Coles Corner

Most of the columns have been about places that exist in real time, although artist and listener may well see them in very different ways. There is another, and rather unusual, type of place. You may have seen it mentioned, and people may talk about it in the present tense, but you won’t find it on any map. That is because it no longer exists - but in some people’s minds it is still there in the here and now. I have come across this phenomenon myself. ‘You know, next to the Co-op’, someone has said, oblivious to the fact that the Co-op referred to was shut and turned into something else 20 years ago. Or, “Go past Baileys and down the road’, when the last time the nightclub in question was called Baileys was when The Searchers played there, with Mike Pender still as lead singer. It is a curious concept of time, and one that brings to mind Kurt Vonnegut’s novel Slaughterhouse Five, where time is presented as a continuous loop or as a mountain range already laid out: step back and you can see it all there still, stretching behind and in front.

There are obvious problems in writing a song about a place that no longer exists in reality but is still there in some people’s heads - the listener probably won’t have been there nor will even know of its previous life. I suppose Strawberry Fields and Penny Lane fall into this category and there are probably others. It is even harder to write a song that makes you feel you must have been to such a place . The song here from 2005, Coles Corner by Richard Hawley, manages just that though. Like many of Richard Hawley’s songs, Coles Corner is about a part of Sheffield, Coles Bros being a large department store on the corner of Fargate and Church Street, near the Cathedral, that actually moved out in 1963: the building has housed a whole variety of businesses since then, most recently the HSBC Bank. The spot was, however, mainly remembered as a place for courting couples to meet up on a date and it kept its name, Coles Corner. There is thus a conundrum about this song. Though I have driven past Sheffield on the M1 many times heading further north I have only visited the city once and though I walked past Coles Corner I didn’t realise it at the time –why would I, it doesn’t exist now. However, hearing this song makes me feel I have been there when it did exist, though I haven’t. Hmm.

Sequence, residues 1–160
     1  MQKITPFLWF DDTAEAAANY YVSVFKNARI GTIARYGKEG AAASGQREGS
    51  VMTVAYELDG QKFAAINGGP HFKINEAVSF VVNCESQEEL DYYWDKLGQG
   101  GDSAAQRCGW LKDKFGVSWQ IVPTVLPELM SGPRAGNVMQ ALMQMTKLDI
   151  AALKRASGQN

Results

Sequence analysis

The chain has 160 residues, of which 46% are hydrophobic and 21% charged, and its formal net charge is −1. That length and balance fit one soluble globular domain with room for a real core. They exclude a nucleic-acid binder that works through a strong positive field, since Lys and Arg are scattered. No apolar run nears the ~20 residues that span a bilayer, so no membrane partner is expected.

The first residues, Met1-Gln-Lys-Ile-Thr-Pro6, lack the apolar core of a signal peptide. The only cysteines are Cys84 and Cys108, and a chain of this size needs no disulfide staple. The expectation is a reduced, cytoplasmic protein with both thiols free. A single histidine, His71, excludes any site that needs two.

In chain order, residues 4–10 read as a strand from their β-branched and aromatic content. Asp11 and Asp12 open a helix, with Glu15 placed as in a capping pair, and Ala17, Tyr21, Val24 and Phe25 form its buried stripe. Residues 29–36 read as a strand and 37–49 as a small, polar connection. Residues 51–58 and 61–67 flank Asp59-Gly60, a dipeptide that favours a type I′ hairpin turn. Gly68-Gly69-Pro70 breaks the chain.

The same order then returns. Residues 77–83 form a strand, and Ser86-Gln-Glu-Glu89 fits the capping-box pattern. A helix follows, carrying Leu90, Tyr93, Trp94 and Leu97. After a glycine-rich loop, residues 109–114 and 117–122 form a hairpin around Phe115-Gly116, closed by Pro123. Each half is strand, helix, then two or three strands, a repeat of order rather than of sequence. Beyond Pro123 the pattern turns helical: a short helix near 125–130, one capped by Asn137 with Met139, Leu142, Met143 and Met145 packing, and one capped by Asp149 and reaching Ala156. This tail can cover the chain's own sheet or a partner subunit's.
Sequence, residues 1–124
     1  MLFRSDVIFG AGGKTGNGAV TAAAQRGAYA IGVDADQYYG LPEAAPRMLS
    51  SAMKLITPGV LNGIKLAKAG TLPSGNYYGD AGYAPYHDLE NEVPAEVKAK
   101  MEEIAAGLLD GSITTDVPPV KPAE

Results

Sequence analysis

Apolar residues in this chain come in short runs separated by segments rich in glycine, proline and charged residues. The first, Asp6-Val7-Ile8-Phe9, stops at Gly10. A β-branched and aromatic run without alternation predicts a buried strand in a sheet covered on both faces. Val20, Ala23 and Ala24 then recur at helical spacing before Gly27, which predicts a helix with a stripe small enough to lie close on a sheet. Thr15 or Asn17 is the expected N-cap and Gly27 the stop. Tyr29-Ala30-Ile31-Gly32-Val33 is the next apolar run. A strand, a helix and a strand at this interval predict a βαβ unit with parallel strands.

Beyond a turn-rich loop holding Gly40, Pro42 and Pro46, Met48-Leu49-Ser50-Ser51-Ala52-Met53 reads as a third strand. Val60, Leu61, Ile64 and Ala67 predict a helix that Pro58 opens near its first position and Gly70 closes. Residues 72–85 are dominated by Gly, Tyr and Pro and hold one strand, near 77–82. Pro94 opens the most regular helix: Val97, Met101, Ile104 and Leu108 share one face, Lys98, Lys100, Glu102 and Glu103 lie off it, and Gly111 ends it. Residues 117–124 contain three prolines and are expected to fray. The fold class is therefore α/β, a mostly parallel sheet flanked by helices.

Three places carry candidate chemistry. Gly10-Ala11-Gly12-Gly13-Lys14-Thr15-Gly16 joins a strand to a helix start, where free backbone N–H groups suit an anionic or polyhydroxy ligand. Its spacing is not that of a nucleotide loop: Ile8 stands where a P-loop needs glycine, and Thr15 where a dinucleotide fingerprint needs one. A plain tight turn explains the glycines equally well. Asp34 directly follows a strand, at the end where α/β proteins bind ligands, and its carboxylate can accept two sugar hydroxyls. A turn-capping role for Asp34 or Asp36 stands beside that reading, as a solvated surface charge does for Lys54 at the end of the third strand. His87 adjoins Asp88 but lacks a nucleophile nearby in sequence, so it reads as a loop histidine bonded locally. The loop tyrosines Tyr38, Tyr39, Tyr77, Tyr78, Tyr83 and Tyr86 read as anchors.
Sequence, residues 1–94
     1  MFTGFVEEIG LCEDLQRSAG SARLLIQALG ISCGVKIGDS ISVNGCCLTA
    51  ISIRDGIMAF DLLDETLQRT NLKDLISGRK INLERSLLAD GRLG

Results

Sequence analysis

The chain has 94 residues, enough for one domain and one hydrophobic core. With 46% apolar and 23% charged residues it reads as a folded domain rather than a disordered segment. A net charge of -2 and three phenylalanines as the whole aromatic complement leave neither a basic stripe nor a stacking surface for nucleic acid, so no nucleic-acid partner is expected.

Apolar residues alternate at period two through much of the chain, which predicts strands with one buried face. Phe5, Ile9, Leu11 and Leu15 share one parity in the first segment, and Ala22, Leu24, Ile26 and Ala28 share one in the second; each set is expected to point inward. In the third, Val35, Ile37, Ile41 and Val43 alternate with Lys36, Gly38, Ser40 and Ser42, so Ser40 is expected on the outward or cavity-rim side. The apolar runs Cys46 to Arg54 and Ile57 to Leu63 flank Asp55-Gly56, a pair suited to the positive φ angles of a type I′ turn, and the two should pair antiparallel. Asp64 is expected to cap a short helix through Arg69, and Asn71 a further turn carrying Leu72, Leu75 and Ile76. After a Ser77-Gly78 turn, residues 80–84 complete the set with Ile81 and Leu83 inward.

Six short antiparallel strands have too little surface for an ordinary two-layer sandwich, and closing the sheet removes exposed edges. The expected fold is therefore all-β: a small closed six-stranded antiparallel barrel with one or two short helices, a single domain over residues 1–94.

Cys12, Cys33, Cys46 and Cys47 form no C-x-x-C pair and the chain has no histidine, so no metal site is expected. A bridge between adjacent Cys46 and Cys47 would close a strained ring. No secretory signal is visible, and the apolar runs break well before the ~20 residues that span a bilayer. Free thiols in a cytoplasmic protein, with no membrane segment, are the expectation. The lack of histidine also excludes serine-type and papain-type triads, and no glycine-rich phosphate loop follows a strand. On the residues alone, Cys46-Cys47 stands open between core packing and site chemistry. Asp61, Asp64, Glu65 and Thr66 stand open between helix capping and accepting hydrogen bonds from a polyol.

The song is decidedly retro - the Sheffield here is nothing like that seen in the music of the Human League or Arctic Monkeys or even Hawley’s previous group, Pulp. This is a Billy Liar Sheffield. Echoes of the musical past run through it, from the overwhelmingly lush intro to the touches of ‘hold back the night’ and ‘downtown’ , though it is a much more melancholy downtown than the rather brash one of Petula Clark. But somehow there is nothing of a self-conscious pastiche about it. It is like two eras separated by 45 years have somehow touched –Vonnegut’s time loop. Hawley’s baritone voice has been compared to Scott Walker and certainly there is something about Coles Corner that is reminiscent of Copenhagen. However, Scott Walker seems too cosmopolitan and ‘European’ for this record and a more apt comparison might be with Matt Munro - variously known as ‘the singing bus driver’ and ‘the English Frank Sinatra’ - and his songs like Softly As I Leave You and Portrait of My Love. As surely as the early Shadows, this sound was part of that era of British pop after rock and roll had faded and before the Beatles arrived. With the sweeping orchestration and the heavy sense of nostalgia hanging over this tune, this song if given visual form would be the rich red velvet curtains in an old fashioned cinema just before they opened for the start of the ‘B’ movie.